In the final segment I talk about my Food Ladders framework. Food Ladders is an evidence-based framework that helps to structure local responses to food insecurity and repair its effects through targeted interventions that catch those who need it most, build the capacity of those who are able, and facilitate transformation in ways that support all of four food security pillars.

You can watch the video here:

Megan Blake, GODAN Food Poverty webinar series

Behind hungry children there are hungry parents.

Behind hungry children are hungry parents. We know that typically parents feed their children before they feed themselves in the UK. We also know that households that are most likely to be food insecure tend to live in areas where others are also struggling. While enough money to purchase food is important, it isn’t enough. We need solutions that address the immediate need but also solutions that work toward a longer term, socially just resilience.

I was recently invited to participate in a webinar on children’s food insecurity. It was attended by more than 300 people from across industry, policy, community, health, and academic sectors. It was organised by Bernadette Moore and Charlotte Evans of the N8 Food Systems Policy Hub.

Using food systems to address children’s food insecurity.

Mapping Food Ladders

One of the questions that I frequently get from local food networks and local authorities is “how do we map what already exists in our community?”  Organisations also ask how what they do maps onto the food ladders approach.  These are questions that I have been exploring recently, as in theory it seems straight forward, but in practice it can be much more difficult.  To this end I have developed a workshop on how to map food activity in communities onto the Food Ladders framework. It takes a blended learning approach, starting with self-directed online learning, followed by a group activity that involves discussing and agreeing how activity maps onto the ladders within individual organisations. There is also a form tool that can be adapted for collecting the relevant data needed for this mapping. While the examples in this workshop are third sector organisations, any form of activity can be mapped onto the ladders.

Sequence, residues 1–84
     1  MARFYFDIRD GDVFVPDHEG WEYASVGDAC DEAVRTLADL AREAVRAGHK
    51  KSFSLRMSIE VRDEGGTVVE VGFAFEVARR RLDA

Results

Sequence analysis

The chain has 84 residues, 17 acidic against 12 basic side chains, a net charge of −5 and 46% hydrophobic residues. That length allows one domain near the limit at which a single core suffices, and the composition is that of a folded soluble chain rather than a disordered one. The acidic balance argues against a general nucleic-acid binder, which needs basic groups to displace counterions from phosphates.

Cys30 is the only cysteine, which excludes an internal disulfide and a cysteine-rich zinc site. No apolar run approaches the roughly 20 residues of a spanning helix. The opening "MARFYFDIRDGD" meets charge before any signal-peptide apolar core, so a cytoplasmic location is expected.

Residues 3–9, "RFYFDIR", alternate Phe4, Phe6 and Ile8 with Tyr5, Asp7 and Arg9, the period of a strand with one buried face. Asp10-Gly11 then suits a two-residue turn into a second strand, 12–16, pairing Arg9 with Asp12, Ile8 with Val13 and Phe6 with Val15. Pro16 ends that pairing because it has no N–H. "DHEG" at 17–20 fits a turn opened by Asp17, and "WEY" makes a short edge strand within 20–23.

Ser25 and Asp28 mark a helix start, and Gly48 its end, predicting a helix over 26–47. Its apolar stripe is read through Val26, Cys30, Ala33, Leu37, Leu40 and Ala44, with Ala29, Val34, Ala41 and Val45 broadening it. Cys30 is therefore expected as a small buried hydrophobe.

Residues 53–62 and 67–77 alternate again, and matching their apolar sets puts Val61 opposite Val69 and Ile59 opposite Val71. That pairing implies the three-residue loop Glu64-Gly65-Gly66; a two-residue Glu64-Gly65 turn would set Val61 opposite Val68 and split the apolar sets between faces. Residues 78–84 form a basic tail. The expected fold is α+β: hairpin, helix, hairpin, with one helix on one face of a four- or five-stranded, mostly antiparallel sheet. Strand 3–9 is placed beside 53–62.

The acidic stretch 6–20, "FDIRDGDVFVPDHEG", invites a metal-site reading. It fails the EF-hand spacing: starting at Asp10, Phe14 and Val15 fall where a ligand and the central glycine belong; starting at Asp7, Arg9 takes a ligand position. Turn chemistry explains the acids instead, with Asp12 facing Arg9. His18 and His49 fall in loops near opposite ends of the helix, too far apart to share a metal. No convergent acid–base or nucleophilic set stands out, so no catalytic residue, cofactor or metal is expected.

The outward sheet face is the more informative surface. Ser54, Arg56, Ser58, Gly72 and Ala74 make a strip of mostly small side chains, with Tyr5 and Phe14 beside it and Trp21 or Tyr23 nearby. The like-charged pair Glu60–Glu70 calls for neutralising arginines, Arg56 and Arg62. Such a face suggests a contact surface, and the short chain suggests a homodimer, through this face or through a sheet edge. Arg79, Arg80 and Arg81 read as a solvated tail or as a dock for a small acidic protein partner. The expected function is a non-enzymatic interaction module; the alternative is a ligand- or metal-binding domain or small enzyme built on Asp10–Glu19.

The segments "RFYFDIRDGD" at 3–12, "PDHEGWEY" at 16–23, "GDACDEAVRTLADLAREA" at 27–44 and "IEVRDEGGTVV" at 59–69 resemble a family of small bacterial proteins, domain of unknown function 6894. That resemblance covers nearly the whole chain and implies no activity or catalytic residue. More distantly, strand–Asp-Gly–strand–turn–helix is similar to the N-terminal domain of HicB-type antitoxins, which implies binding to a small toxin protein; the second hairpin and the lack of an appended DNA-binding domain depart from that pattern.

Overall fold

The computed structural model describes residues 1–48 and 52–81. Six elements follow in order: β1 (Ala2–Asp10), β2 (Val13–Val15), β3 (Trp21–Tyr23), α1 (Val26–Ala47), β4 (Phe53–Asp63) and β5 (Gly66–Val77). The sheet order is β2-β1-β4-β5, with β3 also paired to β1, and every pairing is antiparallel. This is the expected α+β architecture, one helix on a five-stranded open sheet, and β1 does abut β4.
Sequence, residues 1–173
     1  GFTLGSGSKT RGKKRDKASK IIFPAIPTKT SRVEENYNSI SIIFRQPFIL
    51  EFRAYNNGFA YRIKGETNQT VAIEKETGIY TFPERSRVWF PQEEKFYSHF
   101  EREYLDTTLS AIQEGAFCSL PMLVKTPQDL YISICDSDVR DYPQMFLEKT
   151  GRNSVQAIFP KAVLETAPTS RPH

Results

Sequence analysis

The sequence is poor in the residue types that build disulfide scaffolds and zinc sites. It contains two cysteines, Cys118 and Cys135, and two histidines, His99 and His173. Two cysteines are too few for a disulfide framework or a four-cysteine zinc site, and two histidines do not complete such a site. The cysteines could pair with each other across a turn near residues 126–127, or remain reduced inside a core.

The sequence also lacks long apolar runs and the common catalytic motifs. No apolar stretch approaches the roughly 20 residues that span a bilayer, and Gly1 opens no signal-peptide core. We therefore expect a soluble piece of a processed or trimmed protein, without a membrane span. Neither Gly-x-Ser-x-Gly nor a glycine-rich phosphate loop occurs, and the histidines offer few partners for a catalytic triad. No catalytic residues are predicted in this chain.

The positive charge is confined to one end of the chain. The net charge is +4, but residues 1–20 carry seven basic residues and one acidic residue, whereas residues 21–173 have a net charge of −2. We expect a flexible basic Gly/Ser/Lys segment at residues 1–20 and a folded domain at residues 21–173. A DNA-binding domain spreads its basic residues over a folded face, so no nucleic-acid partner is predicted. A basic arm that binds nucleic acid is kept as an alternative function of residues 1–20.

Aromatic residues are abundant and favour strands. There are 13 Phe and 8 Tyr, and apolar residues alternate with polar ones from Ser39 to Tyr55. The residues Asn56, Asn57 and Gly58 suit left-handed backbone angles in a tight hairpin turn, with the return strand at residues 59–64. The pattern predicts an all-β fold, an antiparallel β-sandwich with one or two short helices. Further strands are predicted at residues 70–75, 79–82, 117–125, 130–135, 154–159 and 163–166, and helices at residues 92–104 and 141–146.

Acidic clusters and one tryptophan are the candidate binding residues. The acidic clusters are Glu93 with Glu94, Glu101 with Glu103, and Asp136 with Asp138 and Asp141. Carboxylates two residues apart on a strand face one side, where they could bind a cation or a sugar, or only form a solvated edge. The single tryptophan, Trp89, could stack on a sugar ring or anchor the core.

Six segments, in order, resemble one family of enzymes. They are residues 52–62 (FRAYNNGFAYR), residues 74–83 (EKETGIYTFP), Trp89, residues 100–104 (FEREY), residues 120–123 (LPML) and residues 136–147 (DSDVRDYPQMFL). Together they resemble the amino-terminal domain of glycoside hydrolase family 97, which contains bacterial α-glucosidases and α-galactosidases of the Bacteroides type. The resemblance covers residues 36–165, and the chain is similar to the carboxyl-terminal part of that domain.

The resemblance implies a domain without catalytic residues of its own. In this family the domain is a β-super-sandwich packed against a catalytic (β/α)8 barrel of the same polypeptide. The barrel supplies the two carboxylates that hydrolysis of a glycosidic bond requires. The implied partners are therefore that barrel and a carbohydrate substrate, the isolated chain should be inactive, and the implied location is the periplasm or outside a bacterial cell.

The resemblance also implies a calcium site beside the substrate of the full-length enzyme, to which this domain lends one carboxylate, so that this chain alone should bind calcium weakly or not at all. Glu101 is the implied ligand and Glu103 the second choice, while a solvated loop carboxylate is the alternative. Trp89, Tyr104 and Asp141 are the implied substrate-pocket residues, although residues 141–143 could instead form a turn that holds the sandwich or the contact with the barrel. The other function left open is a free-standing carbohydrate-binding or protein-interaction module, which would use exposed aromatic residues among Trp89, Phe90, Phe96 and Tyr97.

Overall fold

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Beanstalk Global Podcast for Healthy and Sustainable Food

Last week I participated in a webinar for a group of people who are concerned about healthy and sustainable food. The podcast focused on food insecurity. Participants in the webinar included Barbara Bray, Mark Driscoll and Jacqui Green, who have founded the group, as well as Tom Amery, MD of The Watercress Company and Ben Thomas, Environment Manager from Waitrose & Partners, and me.

You can watch the facebook live recording of the webinar below, but it was also broadcast live on Linked In and will be available from the Beanstalk Global web page soon. There is a bit of natter at the start of the broadcast which is not really related to the webinar, which starts at about 2 minutes in.

Webinar hosted on Beanstalk Global re: Food insecurity.

Elaborating Food Ladders

In this post I provide an elaboration of the Food Ladders framework. This elaboration provides greater detail in terms of how to identify activity and where it sits on the the ladders. There are three ladders in the Food Ladders approach: 1. Food access and nutritional value, 2. Social, and 3. Economic.